The performance of Firth in the miniseries left me doubting that anyone could play Darcy ever again. However, I completely enjoyed Macfadyen in the role. He, along with all the characters, showed more emotion than I expect many of the time period dared. It could be considered a flaw, but I enjoyed it. Depite being less than suited to my perception of Elizabeth, Knightly held her own. Thankfully this prevented me from having Pirates of the Carribean flashbacks and allowed me to see the film as its own production without judging it by the miniseries too heavily.

It is unfortunate that the length of a feature film is such that it prevents the development of certain characters that enrich the story in the miniseries. But the core story is so strong that the omissions are handled well.

I thought the film was spectacularly romantic. I have always loved the misty countryside and stormy nature of England. I especially enjoyed the bridge scene as the sun rises.

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Farmgirl
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Hmmm...

I thought I had posted in this thread (or maybe another one on the same topic) about this.

We watched P&P as a family at the theatre in December. Absolutely loved it.

quote:
I want Mr. Darcy's house
Forget the house, Tristan. I want Mr. Fitzwilliam Darcy himself! Matt Macfadyen was wonderful in this role.

FG

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Bob the Lawyer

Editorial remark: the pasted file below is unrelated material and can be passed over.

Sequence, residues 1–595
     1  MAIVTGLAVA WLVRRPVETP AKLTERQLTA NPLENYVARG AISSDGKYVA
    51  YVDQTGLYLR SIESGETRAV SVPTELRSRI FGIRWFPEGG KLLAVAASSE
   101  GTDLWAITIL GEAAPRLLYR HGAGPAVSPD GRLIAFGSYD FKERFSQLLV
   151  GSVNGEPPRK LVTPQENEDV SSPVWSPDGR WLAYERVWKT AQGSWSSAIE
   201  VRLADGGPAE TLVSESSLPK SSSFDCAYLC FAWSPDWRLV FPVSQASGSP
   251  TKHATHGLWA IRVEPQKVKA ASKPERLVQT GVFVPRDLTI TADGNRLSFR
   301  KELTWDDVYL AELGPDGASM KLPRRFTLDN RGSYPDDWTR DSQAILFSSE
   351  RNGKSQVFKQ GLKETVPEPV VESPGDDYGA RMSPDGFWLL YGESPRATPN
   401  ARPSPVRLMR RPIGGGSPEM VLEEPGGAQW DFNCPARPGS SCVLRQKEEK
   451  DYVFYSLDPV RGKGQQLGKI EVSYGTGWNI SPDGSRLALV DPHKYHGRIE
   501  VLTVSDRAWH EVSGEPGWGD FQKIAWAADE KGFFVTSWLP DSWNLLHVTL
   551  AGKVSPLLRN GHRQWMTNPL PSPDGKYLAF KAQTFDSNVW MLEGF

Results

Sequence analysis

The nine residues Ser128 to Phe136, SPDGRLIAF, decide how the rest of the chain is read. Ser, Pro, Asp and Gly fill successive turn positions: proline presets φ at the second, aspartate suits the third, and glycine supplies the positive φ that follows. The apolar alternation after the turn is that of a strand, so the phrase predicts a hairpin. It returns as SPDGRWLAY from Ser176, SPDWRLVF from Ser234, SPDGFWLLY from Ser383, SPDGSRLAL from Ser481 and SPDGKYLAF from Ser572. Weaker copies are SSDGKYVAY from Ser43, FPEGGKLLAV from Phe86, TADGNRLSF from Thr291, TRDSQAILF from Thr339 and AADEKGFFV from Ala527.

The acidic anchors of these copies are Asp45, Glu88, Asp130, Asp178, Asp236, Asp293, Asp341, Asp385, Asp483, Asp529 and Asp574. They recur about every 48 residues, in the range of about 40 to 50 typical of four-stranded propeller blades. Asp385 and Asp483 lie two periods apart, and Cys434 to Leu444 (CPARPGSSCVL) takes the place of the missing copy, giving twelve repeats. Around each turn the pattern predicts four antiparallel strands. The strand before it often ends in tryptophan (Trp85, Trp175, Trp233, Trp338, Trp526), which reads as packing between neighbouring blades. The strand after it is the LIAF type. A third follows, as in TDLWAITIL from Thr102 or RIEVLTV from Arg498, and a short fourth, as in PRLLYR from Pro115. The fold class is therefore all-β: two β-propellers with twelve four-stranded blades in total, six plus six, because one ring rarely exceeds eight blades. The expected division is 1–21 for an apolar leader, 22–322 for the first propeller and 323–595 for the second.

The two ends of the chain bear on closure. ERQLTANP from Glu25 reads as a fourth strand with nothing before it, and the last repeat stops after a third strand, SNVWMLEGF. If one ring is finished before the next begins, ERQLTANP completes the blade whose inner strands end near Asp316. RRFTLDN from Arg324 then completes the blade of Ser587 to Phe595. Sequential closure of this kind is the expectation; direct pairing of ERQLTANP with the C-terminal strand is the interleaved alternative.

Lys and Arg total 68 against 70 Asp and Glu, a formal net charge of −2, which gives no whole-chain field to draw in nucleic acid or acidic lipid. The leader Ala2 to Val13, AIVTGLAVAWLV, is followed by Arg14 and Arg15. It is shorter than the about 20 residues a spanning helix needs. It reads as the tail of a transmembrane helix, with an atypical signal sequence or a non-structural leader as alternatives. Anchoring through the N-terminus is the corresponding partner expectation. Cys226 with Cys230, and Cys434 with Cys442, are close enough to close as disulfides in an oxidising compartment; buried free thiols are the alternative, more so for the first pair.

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I'm beginning to think that I'm the only person in the world who hated this movie.
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Teshi
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Do you actually hate the movie or did you hate the story?

Also: You may be one of the few people who would hate it who actually went to see it, which is pretty commendable.

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Bob the Lawyer
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I love the story, I just feel that this was a terrible telling that was both acted and directed poorly, with unfortunate decisions made in the rewrites.
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Teshi
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Ah, then I forgive you and the horse you rode in on.

I haven't actually seen this movie.

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martha
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I think it would be hard to make a Jane Austen movie I wouldn't enjoy to some degree. It's all very well to read the books, but seeing the expressions on actors' faces as they deliver the punny or insinuous or loaded lines is just delicious.

I was impressed with a different take on social (read: financial) status in this movie. In the miniseries and the other movie, the Bennets live very comfortably in their grand house, though it might not be as grand as their neighbors'. In this new movie, their house is rustically crumbling (peeling paint in every room) and iirc the girls do some amount of housework (cooking). So that added to the urgency of finding them all well-to-do husbands.

Really the only thing I actively disliked about the movie was the very last scene, on his veranda. ("Mrs Darcy"?!? ugh.) There were other moments when it was clear the director had taken advantage of his (her?) artistic licence, moments that made it a movie "based on the novel by Jane Austen." But none of these really bothered me except that very last sappy scene.